Demodex canis is a mite that is present in small numbers in the skin of most healthy dogs. Nursing puppies acquire the mite from their mothers during the first few days of life, and in most dogs there will never be any associated problems.
In some dogs however, the normal balance is disrupted due to an immune defect. The mites multiply by the thousands in the hair follicles causing inflammation, in a condition called demodicosis. Demodicosis may be localized – that is, confined to 1 or more small discrete scaly reddened areas of hair loss, most commonly on the face or front legs. This is usually seen in pups of 3 to 6 months of age, and most cases resolve spontaneously. Alternately, generalized demodicosis may develop, at anywhere from 3 to 12 months of age.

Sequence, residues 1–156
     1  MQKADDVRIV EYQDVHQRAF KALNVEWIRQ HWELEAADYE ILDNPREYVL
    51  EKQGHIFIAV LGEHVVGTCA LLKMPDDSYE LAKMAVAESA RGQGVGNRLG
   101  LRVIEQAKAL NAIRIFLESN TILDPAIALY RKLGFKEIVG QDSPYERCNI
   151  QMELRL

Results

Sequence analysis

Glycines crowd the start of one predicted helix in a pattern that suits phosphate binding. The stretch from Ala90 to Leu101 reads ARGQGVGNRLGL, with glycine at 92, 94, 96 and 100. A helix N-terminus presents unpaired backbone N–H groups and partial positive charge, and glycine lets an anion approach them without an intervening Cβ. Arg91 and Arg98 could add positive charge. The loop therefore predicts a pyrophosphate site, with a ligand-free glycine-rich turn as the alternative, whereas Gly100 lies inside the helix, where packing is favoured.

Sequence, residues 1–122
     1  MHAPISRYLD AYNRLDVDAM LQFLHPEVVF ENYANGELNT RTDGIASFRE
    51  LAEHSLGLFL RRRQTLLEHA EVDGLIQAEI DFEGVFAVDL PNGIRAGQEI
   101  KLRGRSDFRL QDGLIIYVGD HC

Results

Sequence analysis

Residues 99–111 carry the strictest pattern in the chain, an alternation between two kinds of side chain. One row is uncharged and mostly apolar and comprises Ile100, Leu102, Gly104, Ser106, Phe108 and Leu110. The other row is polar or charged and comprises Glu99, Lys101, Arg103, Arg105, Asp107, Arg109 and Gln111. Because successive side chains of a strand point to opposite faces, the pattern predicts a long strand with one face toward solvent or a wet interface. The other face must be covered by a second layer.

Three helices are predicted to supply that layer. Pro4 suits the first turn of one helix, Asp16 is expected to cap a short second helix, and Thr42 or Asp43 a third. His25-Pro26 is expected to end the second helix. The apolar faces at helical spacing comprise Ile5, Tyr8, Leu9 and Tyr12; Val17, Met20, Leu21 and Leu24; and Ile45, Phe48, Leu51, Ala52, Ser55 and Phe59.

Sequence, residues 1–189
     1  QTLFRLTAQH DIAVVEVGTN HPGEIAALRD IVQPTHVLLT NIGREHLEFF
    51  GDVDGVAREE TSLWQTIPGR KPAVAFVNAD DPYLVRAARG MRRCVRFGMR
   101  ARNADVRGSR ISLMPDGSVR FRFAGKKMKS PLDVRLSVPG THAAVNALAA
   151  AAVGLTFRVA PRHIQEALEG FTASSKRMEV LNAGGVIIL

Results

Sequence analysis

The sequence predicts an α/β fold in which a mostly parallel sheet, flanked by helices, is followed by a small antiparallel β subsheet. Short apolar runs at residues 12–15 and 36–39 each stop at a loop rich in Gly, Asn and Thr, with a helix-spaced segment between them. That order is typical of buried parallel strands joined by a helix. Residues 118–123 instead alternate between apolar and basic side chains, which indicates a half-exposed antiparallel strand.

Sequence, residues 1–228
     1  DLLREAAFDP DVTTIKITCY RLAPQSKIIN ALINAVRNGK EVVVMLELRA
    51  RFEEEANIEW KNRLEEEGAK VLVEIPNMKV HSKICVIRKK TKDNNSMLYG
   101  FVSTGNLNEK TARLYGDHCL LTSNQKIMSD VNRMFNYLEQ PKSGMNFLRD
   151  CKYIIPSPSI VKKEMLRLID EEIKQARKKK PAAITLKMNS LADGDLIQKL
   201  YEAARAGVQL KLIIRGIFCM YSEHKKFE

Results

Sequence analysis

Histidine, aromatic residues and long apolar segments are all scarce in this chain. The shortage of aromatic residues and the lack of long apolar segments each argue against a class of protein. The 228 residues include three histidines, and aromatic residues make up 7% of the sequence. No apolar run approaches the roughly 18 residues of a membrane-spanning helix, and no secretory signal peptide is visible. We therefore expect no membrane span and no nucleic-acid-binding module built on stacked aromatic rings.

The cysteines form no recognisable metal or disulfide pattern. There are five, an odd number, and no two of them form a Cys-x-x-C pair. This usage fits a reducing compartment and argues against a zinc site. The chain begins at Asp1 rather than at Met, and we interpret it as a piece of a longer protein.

It is important to note that demodicosis is not infectious, to other pets or to people. The mite is present in small numbers in the skin of healthy dogs, but the condition of demodicosis only develops in some animals, who are believed to have a defect in their immune system.
Demodicosis may be localized – a mild disorder confined to 1 or more small scaly reddened areas of hair loss, most commonly on the face or front legs. This is usually seen in pups of 3 to 6 months of age, and most cases resolve spontaneously.
Generalized demodicosis on the other hand can be one of the most severe skin diseases in dogs. It starts out with local lesions that instead of disappearing, get worse and spread, generally on the head, legs and body. Secondary infections of the hair follicles occur, and large scaly crusted patches form which may eventually cover most of the dog. The deep skin infections can be complicated by resistant bacteria.
Some dogs only develop demodicosis on the feet (demodectic pododermatitis). These lesions commonly become infected, are painful, and can be quite difficult to treat successfully.